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There are many ways to evaluate Law and Sentences on specificnon-fatal offences, one way in doing so is looking at the criticisms ofnon-fatal offences. The first criticism is the language of the laws being old(in the Act itself) as well as confusing. For example, in GBH section 20 and 18it uses terms such as “Malicious” in modern day society nobody uses words likethis, this therefore doesn’t seem to be modernised, this was meant to define tobe: “Recklessly” but gives the impression it infers committing something in anasty/hateful manner, it was meant to be for the Mens Rea but Mens Res has beendefined as “with intent”.

In addition to this, the term “assault” in modern daysociety implies physical injuries to a victim after beating them. But, in termsof law it is just making somebody feel fear, this is misleading so when a personin court claims they have been assaulted they really mean they have been avictim of either: GBH, ABH or a Battery depending on the seriousness of theinjuries. Another criticism I am going to talk about is the fact that Mens Reain Section 47 doesn’t need any extra Mens Rea, it doesn’t have the requirement ofthe defendant to foresee a risk/injury, like in the case R v Roberts where the defendant offered to give the victim a liftand then demanded her to have sex with him as she said no he drove off with herat a high speed leading her to injure herself by jumping out. The defendantclaimed that he was unaware of risks and didn’t mean for the victim to sufferfrom ABH, even though he put her in a fearful state of mind leading to herjumping out of his car. The third criticism I’m going to talk about is the lackof the seriousness needed in the actual harm sector in Section 20 GBH, the onlything the prosecution need to show is that the defendant had intention to causesome harm, which could be the smallest form of harm.

Like in the case R v Mowatt where the defendant beat thevictim unconscious due to the victim confronting the defendant about the defendant’spartner who helped steal form the victim. It was decided that the Intention/recklessnessto cause a wound and/or GBH doesn’t need proving. Another criticism I’m goingto talk about is the actual offence known as a “Battery” being misleading.Relating to Battery another criticism is there is no legal definition to defineboth “assault & battery” the only thing close to a definition is the requirementsto cause them. Regarding ABH & GBH the separation doesn’t seem to be visible,it is actual the courts that make the decision of what causes serious harm, buteveryone has different opinions, especially when both ABH and GBH include psychologicalpain because it’s hard to decide what extent of it comes under what offence,with no boundary as a guidance there will be no proper way in deciding.

The finalcriticism I will be talking about is using a “wound” to separate Section 18from 20 being useless as there should only be one Section for GBH because ofthe case Moriarty v Brookes wherethe defendant hit a customer and used force to remove him from a pub. He wasguilty as he broke the layers of the skin, but compared to a needle prick theseriousness is clearly different, so I believe if they had one Section they caneasily charge somebody with GBH and giving them a suitable sentence rather thatdeciding over a wound.GBH Section 18 is the offence of inflicting either a woundor GBH. The Actus Reus in Section 18 is to wound/ cause GBH to the victim. TheMens Rea is the direct intention to cause GBH and not recklessness. The maximumsentence for GBH Section 18 is 25 years as it’s the more serious out of Section20 and 18.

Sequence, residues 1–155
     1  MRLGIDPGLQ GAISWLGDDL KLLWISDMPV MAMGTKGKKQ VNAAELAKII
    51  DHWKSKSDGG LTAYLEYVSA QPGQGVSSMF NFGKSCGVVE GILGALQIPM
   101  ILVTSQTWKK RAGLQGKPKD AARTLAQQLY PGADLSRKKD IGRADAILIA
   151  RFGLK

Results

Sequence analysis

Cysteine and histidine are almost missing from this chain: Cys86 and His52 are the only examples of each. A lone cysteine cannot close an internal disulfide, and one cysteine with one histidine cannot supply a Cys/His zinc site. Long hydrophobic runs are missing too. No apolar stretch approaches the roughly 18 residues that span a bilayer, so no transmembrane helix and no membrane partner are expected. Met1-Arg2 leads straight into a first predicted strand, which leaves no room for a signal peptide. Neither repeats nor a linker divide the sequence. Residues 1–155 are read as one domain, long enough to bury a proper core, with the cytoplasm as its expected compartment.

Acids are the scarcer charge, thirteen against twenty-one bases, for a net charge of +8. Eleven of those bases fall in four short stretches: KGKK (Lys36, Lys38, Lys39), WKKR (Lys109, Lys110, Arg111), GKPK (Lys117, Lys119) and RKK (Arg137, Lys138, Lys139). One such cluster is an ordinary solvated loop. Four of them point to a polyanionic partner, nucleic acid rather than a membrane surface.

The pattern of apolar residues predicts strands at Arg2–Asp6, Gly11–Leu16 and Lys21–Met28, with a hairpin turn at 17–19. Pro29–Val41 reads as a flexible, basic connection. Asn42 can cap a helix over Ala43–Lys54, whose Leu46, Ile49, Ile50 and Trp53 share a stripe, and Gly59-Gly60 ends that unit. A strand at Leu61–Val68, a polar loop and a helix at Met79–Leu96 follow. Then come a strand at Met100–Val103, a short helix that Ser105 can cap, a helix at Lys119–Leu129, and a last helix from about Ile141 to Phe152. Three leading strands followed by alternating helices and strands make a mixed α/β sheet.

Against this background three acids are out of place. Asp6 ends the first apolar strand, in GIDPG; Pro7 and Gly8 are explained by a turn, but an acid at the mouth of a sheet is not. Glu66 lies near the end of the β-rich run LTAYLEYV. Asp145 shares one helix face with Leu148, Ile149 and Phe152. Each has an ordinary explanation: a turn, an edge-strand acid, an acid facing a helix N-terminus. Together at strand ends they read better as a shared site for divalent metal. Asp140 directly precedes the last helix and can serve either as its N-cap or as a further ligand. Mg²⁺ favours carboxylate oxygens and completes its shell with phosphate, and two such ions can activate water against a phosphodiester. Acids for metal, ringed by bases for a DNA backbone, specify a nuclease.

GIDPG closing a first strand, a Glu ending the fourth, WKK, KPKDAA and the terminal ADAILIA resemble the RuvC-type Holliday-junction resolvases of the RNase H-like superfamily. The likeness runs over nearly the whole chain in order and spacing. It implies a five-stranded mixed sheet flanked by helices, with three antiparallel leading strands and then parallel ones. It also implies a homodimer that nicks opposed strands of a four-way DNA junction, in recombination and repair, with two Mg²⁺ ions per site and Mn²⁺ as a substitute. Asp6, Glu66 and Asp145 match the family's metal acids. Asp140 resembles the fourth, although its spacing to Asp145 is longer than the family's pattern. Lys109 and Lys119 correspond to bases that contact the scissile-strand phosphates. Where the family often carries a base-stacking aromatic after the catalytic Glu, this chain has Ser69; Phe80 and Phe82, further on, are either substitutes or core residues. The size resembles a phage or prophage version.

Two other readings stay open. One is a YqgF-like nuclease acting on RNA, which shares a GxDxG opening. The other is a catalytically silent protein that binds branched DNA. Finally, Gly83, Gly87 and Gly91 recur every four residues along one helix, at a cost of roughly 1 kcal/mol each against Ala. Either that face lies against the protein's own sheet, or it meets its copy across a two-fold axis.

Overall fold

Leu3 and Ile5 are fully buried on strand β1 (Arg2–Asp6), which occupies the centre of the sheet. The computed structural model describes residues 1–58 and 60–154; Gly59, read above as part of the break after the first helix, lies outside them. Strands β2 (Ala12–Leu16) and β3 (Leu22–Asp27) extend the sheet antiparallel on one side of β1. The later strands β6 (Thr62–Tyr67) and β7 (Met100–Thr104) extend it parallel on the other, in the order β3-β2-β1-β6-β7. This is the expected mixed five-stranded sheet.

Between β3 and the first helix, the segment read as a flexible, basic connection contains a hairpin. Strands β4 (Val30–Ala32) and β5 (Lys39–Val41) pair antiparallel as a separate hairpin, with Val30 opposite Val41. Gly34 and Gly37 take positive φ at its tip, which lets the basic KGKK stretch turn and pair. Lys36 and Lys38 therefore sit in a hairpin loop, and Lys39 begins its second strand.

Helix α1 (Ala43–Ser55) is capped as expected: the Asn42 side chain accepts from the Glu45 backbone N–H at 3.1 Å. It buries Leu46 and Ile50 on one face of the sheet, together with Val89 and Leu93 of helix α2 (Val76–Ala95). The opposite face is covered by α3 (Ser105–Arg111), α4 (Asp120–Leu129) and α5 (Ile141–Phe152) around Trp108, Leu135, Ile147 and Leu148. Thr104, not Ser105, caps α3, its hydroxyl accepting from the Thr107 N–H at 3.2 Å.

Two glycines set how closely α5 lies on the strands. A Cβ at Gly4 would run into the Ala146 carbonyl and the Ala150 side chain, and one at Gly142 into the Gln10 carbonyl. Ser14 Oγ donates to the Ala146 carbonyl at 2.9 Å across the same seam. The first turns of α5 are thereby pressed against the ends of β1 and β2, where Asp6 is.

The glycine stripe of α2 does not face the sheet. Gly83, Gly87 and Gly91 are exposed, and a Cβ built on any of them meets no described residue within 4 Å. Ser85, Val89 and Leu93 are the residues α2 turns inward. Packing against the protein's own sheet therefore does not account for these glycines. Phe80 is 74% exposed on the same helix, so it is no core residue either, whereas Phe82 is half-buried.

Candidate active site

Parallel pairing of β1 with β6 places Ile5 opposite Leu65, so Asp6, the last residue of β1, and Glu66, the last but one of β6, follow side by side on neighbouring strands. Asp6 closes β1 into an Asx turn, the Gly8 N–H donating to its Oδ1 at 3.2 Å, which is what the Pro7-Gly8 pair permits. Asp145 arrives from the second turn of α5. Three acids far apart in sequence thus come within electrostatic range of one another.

In addition to this, GBH Section 20 is the offence of inflicting a woundor GBH to the victim. The Mens Rea for this is the intention/ recklessness tocause some harm to the victim. The maximum sentence for GBH Section 20 is 5years in prison as it’s the least serious of the two.

Moreover Section 47 ABH,can be caused by either an assault or battery. The Mens Rea for this isintention or recklessness to commit the assault or battery or both. In ABH Section47 touching someone else’s clothes or spitting on them can amount to a battery.Even though they do not physically injure the victim, but they could possiblypsychologically injure them, this is unfair as they will be charged under ABH Section47 and will have the same sentence as someone who has amounted GBH. Also, anassault can just be committed by saying something to make the victim feelimmediate fear. An example of GBH Section 20 is breaking someone’s bone.

ABH Section47 is caused by the slight direct touch. By knowing this it is clear that thesentencing for these non-fatal offences have not been thought through due tothe difference is the elements of committing the crimes. There are some similaritiesin the crimes such as intention, but nothing major that fit GBH Section 20 and ABHSection 47 into the same sentencing. Therefore, I believe that the sentencingfor these opposite crimes should be reconsidered. However, the maximum sentencefor GBH Section 18 is 25 years. This is a very big gap between the non-fataloffences even though GBH Section 20 and Section 18 are very similar in terms ofthe wounding, the problem seems to be if the sentence length should bedependent on the intention of causing GBH such as Recklessness or Directintention? I believe Section 18 and Section 20 should both have the samesentence such as 10-15 years in prison where the judge is able to decide on thelength of the sentence depending on how severe the victim’s injuries are.           Bibliography   Criticisms of Non-Fatal Offences    Sentencing Based off Task 2 (Anna and Ben) Reforms  

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